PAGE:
Top 20 Arithmetic Progression of Primes
by Chris Caldwell
The Prime Pages keeps a list of the 5000 largest known primes, plus a few each of certain selected archivable forms and classes. These forms are defined in this collection’s home page. This page is about one of those forms.
Definitions and Notes
Are there infinitely many primes in most arithmetic progressions? Certainly not if the common difference has a prime factor in common with one of the terms (for example: 6, 9, 12, 15, …). In 1837, Dirichlet proved that in all other cases the answer was yes:
- Dirichlet’s Theorem on Primes in Arithmetic Progressions
- If a and b are relatively prime positive integers, then the arithmetic progression a, a+b, a+2b, a+3b, … contains infinitely many primes.
Prime Arithmetic Progression
An arithmetic progression of primes is a set of primes of the form for fixed and and consecutive , i.e., . For example, 199, 409, 619, 829, 1039, 1249, 1459, 1669, 1879, 2089 is a 10-term arithmetic progression of primes with difference 210.
It had long been conjectured that there exist arbitrarily long sequences of primes in arithmetic progression (Guy 1994). As early as 1770, Lagrange and Waring investigated how large the common difference of an arithmetic progression of primes must be. In 1923, Hardy and Littlewood (1923) made a very general conjecture known as the k-tuple conjecture about the distribution of prime constellations, which includes the hypothesis that there exist infinitely long prime arithmetic progressions as a special case. Important additional theoretical progress was subsequently made by van der Corput (1939), who proved than there are infinitely many triples of primes in arithmetic progression, and Heath-Brown (1981), who proved that there are infinitely many four-term progressions consisting of three primes and a number that is either a prime or semiprime. Continue reading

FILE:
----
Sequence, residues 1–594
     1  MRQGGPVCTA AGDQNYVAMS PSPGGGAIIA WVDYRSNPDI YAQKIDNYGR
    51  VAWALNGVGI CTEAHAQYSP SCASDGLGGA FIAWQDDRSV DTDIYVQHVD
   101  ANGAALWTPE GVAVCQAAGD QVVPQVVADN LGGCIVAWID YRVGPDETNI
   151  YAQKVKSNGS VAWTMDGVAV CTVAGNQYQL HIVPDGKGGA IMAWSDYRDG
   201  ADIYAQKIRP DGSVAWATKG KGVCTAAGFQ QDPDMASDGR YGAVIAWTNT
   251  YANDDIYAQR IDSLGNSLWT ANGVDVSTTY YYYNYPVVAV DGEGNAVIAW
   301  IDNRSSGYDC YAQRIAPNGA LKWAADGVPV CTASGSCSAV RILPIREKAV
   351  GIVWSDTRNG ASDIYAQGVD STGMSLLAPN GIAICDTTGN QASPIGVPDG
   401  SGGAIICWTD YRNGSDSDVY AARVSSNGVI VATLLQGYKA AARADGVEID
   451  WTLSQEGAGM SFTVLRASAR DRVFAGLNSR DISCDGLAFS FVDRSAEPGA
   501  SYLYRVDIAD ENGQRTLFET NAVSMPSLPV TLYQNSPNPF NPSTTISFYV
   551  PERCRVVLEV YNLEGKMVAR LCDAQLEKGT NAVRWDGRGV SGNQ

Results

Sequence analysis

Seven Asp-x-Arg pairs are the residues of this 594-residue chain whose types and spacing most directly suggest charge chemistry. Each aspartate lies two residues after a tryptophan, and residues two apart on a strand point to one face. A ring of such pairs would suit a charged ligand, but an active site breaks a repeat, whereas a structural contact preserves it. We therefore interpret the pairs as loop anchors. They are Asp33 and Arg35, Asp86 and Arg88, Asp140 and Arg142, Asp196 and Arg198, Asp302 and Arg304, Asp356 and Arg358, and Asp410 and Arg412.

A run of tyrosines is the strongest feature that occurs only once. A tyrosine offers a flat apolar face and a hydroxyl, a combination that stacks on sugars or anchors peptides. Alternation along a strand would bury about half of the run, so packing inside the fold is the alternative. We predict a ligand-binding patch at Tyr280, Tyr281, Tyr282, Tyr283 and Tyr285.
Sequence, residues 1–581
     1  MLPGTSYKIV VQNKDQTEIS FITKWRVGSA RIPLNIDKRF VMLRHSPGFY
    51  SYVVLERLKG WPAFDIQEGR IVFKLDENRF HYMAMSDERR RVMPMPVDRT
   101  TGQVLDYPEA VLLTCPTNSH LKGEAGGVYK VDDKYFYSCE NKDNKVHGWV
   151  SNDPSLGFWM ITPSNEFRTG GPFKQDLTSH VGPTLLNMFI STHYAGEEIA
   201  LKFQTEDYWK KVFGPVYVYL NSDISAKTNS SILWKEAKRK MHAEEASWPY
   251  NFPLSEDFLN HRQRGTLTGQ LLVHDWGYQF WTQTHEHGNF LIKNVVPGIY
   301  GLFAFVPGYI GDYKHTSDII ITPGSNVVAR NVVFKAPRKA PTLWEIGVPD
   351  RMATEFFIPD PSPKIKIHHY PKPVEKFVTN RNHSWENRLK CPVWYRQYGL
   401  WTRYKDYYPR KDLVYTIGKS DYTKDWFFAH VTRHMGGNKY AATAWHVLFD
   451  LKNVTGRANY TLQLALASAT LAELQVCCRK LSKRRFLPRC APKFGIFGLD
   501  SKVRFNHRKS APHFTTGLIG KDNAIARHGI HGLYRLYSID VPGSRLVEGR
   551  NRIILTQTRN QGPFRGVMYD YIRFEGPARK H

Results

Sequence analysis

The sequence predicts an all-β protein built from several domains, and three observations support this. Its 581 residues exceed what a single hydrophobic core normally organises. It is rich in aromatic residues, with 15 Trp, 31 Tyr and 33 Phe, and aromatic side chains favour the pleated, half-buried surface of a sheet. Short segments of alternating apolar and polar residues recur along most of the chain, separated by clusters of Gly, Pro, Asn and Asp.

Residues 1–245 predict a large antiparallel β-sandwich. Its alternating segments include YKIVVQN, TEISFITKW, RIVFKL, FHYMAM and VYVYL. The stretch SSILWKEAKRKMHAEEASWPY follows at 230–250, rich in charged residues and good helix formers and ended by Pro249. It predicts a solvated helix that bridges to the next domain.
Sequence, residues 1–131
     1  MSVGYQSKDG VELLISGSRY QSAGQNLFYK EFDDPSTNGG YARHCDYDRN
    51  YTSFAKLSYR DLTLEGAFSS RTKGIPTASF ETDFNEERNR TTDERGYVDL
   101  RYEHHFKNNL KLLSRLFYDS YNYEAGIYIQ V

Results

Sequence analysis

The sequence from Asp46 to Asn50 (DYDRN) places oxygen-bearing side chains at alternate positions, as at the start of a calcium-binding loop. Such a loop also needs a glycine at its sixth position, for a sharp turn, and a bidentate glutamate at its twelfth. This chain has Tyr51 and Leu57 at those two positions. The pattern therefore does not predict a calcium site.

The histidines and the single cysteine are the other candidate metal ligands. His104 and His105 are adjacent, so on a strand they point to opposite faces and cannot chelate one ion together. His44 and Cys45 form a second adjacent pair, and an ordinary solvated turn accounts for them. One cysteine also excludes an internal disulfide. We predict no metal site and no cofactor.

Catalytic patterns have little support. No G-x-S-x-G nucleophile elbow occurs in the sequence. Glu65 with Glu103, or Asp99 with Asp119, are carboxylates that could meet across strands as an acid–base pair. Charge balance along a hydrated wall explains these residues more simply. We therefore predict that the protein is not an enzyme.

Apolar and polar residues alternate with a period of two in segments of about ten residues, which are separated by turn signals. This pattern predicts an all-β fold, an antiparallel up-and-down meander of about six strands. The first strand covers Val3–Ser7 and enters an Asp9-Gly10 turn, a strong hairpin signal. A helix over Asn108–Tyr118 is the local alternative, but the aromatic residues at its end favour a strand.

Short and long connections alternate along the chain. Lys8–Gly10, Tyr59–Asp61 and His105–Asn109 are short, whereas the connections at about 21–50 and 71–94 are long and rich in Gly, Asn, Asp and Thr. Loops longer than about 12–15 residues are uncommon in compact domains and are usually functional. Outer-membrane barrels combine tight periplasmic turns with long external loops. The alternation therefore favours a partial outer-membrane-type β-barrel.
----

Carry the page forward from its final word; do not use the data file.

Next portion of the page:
Waves – Lesson 1 – The Nature of a Wave
From Physics Classroom
Categories of Waves
Waves come in many shapes and forms. While all waves share some basic characteristic properties and behaviors, some waves can be distinguished from others based on some observable (and some non-observable) characteristics. It is common to categorize waves based on these distinguishing characteristics.
Longitudinal versus Transverse Waves versus Surface Waves
One way to categorize waves is on the basis of the direction of movement of the individual particles of the medium relative to the direction that the waves travel. Categorizing waves on this basis leads to three notable categories: transverse waves, longitudinal waves, and surface waves. Continue reading
Does Military Sonar Kill Marine Wildlife?
From Scientific American, June 10, 2009
Dear EarthTalk: Is it true that military sonar exercises actually kill marine wildlife? — John Slocum, Newport, RI
Unfortunately for many whales, dolphins and other marine life, the use of underwater sonar (short for sound navigation and ranging) can lead to injury and even death. Sonar systems—first developed by the U.S. Navy to detect enemy submarines—generate slow-rolling sound waves topping out at around 235 decibels; the world’s loudest rock bands top out at only 130. These sound waves can travel for hundreds of miles under water, and can retain an intensity of 140 decibels as far as 300 miles from their source.